On Jan. 13, the San Diego City Council unanimously approved a ban on cannabis billboard ads within 1,000 feet of schools, playgrounds, daycare centers and other sensitive areas.
Last October, city leaders alluded that a crackdown on cannabis billboards was coming by the end of 2019. The San Diego Union-Tribune reports that the new law will make 352 of the city’s 644 existing billboard sites eligible for cannabis billboard, which adds up to about 54 percent of billboard sites.
Current state law bars cannabis billboard ads from displaying within 1,000 feet of certain sensitive areas, but the new change adds parks and other types of areas to the list. Critics of the move say that city leadership should have also banned billboards from areas near libraries, churches and other places that are frequented by young people. The list of critics includes representatives from San Diegans for Safe Neighborhoods.
“I believe the ordinance strikes the right balance that will protect children from cannabis billboard exposure and also create a legal and constitutionally sound ordinance that is narrowly tailored,” Councilmemeber Chris Cate said at the meeting. Cate has long been known as an opponent to cannabis in the local area.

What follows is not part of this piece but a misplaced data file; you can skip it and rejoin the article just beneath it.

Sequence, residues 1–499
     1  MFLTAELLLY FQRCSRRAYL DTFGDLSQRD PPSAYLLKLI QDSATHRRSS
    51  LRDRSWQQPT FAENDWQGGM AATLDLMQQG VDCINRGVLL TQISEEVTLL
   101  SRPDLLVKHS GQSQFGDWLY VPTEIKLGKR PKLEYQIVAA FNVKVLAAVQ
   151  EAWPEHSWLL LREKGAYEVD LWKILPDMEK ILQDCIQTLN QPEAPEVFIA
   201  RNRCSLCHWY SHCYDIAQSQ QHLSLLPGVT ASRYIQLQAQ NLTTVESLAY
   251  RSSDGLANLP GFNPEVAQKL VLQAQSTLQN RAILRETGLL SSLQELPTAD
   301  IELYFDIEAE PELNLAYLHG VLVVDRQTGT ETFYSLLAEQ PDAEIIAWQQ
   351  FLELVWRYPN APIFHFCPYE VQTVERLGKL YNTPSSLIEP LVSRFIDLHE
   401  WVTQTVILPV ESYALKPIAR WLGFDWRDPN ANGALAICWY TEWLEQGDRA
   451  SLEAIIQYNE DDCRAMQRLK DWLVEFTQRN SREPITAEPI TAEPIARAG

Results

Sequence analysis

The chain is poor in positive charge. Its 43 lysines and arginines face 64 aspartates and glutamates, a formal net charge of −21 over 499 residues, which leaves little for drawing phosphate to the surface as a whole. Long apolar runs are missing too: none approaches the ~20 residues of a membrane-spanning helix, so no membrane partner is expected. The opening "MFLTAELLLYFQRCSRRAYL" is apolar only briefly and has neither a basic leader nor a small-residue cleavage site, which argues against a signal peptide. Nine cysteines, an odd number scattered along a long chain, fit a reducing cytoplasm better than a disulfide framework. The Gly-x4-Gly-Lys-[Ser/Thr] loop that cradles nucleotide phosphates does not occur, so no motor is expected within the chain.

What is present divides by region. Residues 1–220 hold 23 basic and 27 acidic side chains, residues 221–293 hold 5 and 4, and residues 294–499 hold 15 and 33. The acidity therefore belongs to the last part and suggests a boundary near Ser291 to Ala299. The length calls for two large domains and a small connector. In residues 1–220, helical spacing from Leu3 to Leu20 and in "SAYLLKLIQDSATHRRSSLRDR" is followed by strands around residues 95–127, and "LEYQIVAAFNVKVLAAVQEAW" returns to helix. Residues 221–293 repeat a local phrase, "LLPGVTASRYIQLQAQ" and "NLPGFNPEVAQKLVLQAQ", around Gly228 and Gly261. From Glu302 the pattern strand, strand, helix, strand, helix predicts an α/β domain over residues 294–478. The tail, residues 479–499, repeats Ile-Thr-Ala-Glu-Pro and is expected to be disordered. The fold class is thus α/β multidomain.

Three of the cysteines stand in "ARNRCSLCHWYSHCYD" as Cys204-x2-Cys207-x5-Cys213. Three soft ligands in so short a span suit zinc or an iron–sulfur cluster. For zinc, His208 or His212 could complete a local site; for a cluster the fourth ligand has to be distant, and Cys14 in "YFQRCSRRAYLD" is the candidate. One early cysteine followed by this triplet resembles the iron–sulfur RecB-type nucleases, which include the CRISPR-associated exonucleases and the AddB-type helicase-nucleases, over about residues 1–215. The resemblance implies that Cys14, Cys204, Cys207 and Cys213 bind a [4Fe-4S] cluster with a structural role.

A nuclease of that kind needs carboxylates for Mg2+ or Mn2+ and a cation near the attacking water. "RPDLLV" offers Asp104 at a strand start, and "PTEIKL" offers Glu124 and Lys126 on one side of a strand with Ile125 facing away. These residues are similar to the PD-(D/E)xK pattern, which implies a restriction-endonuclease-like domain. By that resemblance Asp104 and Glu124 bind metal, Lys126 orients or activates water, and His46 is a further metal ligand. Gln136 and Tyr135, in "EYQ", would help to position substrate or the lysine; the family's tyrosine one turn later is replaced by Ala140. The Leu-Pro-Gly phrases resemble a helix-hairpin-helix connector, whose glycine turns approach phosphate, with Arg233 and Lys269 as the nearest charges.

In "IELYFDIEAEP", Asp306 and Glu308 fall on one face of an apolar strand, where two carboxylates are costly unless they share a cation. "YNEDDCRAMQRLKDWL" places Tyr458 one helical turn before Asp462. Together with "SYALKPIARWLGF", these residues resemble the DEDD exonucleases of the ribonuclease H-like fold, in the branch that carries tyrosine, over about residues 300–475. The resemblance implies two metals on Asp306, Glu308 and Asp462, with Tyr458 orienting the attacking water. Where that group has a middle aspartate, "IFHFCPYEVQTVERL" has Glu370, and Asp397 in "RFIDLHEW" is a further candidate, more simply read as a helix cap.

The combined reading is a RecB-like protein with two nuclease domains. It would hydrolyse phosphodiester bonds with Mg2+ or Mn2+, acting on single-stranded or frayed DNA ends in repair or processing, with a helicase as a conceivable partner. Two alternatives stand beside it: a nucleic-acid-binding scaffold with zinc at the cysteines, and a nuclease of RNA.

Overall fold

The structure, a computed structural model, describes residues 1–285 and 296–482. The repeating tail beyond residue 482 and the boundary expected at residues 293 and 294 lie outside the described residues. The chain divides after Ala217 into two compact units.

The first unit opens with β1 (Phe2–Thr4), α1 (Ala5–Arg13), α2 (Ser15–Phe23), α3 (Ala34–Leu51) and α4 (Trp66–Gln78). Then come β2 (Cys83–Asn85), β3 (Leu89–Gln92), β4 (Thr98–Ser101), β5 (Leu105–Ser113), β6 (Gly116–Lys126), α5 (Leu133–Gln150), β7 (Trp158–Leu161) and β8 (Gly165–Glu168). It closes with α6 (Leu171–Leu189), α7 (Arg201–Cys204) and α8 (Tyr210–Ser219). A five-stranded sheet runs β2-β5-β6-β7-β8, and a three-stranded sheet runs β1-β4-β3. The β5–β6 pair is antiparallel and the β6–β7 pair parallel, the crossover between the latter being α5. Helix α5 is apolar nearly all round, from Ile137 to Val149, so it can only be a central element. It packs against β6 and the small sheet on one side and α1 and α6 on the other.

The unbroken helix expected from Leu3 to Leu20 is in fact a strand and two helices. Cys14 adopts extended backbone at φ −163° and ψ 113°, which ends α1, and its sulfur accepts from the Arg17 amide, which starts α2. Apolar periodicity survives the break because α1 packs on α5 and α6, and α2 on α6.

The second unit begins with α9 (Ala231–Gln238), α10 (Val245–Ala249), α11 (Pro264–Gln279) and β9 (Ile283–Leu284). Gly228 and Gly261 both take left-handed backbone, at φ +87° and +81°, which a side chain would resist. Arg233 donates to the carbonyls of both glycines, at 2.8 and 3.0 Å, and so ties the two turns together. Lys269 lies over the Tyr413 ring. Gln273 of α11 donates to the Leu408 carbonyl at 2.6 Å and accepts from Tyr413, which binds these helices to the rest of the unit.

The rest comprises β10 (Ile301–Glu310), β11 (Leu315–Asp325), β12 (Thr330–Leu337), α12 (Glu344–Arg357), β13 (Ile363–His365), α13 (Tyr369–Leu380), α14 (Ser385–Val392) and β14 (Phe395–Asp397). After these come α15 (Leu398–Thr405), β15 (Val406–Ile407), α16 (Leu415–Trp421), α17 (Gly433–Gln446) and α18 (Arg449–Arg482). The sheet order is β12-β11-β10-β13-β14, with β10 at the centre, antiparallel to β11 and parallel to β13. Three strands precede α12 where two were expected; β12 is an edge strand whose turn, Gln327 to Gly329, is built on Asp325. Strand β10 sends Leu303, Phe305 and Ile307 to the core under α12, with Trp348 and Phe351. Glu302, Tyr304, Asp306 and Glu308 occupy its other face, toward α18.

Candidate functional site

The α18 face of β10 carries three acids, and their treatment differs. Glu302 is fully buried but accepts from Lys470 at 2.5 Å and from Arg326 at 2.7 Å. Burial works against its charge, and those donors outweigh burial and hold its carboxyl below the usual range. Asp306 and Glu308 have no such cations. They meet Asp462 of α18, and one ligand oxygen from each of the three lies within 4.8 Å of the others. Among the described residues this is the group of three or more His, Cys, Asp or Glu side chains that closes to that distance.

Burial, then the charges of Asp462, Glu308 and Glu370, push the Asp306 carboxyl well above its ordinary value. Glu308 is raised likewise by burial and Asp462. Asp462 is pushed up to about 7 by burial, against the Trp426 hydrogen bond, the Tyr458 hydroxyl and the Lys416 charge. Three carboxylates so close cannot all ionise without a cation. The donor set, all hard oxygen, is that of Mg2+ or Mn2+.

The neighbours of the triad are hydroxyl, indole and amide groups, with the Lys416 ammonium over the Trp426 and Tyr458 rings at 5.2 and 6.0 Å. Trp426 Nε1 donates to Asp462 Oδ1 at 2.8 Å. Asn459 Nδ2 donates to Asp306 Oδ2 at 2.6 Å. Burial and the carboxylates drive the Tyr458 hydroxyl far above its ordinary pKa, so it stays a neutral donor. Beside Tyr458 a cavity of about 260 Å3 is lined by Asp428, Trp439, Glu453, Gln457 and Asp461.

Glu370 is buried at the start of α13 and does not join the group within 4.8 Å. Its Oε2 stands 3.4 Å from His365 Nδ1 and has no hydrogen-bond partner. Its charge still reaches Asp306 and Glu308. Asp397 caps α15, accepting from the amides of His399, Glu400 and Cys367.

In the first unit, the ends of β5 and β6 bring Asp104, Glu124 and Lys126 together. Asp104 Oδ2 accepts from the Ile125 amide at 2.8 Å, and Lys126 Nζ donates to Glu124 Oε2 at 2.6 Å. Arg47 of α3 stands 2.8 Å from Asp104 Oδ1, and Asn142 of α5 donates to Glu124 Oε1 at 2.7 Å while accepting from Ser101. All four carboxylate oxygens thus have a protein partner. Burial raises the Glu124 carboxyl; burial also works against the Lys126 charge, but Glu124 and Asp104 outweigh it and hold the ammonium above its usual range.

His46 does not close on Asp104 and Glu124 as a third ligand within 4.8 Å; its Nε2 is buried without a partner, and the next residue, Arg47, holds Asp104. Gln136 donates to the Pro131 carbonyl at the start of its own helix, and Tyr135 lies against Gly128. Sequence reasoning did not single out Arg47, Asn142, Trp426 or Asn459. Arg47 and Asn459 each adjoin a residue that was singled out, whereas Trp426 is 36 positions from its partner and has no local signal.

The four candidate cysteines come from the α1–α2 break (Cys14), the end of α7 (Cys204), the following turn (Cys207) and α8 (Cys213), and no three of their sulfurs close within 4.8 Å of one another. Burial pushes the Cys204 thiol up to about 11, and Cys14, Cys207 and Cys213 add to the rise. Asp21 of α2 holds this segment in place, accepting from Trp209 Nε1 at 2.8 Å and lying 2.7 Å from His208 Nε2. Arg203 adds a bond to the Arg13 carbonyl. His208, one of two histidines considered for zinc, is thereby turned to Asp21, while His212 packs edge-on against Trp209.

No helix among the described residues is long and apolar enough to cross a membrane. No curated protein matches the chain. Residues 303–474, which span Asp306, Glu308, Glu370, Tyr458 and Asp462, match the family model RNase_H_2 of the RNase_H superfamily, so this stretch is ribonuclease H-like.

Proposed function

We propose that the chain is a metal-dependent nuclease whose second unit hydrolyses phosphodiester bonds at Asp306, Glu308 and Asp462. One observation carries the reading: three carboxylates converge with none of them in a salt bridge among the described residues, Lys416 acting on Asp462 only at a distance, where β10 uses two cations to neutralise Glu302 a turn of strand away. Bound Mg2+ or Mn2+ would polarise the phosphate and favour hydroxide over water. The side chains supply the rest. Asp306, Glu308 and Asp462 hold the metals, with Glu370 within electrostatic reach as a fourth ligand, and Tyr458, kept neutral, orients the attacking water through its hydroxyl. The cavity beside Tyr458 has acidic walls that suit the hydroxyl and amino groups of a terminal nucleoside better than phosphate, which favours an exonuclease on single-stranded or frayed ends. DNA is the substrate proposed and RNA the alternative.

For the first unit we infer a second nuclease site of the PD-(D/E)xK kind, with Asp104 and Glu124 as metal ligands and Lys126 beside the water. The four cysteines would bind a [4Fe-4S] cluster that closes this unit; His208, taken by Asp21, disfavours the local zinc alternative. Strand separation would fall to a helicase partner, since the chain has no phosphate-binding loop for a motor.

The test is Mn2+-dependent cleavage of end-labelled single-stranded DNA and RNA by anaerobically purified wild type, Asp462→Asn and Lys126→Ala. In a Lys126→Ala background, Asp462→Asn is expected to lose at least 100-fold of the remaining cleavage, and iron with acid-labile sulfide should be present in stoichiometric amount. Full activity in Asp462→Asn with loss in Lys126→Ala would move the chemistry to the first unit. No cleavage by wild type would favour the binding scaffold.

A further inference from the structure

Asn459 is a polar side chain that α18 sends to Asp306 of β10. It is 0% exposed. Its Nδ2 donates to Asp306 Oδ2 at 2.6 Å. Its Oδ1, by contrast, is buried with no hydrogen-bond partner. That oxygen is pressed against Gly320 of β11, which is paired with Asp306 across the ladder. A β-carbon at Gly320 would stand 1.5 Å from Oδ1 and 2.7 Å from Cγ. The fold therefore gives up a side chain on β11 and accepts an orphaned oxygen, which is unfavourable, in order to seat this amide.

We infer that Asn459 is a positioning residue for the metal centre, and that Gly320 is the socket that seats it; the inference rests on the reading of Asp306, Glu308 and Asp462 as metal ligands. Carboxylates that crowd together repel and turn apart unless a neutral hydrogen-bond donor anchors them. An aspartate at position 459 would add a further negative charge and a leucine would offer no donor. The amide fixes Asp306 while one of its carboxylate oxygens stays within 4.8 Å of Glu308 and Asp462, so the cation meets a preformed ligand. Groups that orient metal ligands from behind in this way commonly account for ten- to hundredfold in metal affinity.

Council President Georgette Gómez said that she would prefer to see libraries included in a potential revised version of the law in the future.
A representative from billboard company Clear Channel said that the company supports the new changes and already adheres to the regulations.
The law, however, does permit a six-month grace period that allows businesses to get into compliance. Violation of the new law could result in citations and fines. It’s certainly not the first time cannabis billboards have drawn attention. Statewide restrictions on cannabis billboards were added as an amendment to Proposition 64 in 2016. Cannabis billboards caused controversy in Massachusetts in 2017.